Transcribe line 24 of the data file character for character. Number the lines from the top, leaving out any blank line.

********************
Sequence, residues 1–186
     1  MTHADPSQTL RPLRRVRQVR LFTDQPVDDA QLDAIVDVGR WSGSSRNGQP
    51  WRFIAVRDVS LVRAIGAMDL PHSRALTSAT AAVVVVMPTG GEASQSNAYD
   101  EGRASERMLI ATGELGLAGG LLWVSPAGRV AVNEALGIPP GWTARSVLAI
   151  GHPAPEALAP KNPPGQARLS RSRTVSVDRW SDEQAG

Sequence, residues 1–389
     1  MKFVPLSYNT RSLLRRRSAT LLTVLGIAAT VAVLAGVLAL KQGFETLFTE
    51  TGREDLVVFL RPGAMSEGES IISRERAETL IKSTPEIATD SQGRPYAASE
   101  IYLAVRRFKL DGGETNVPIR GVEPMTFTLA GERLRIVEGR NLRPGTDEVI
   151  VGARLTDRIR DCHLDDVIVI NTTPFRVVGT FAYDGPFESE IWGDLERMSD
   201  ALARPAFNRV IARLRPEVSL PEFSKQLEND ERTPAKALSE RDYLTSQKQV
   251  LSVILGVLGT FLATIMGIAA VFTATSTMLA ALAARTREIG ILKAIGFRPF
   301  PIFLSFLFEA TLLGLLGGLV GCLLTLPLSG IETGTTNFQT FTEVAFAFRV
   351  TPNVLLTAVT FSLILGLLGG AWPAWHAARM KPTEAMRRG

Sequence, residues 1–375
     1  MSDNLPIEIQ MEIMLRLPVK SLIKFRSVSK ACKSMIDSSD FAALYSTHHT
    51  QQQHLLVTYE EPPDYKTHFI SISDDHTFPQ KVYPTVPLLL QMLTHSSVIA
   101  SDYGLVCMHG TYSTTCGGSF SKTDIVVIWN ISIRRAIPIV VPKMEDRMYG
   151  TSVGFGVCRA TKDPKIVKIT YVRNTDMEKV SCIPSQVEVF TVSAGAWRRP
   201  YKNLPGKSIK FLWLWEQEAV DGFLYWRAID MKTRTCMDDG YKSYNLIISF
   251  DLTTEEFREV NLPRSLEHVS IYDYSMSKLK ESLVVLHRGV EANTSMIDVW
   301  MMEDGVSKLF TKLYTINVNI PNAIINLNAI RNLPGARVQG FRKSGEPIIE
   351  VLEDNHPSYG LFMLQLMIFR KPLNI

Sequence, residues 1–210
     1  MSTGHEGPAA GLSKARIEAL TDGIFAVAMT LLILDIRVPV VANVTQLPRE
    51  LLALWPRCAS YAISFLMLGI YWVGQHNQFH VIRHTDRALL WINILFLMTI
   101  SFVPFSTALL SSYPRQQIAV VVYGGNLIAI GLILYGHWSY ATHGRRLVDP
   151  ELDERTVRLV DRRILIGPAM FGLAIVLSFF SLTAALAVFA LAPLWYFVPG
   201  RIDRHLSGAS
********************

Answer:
Sequence, residues 1–210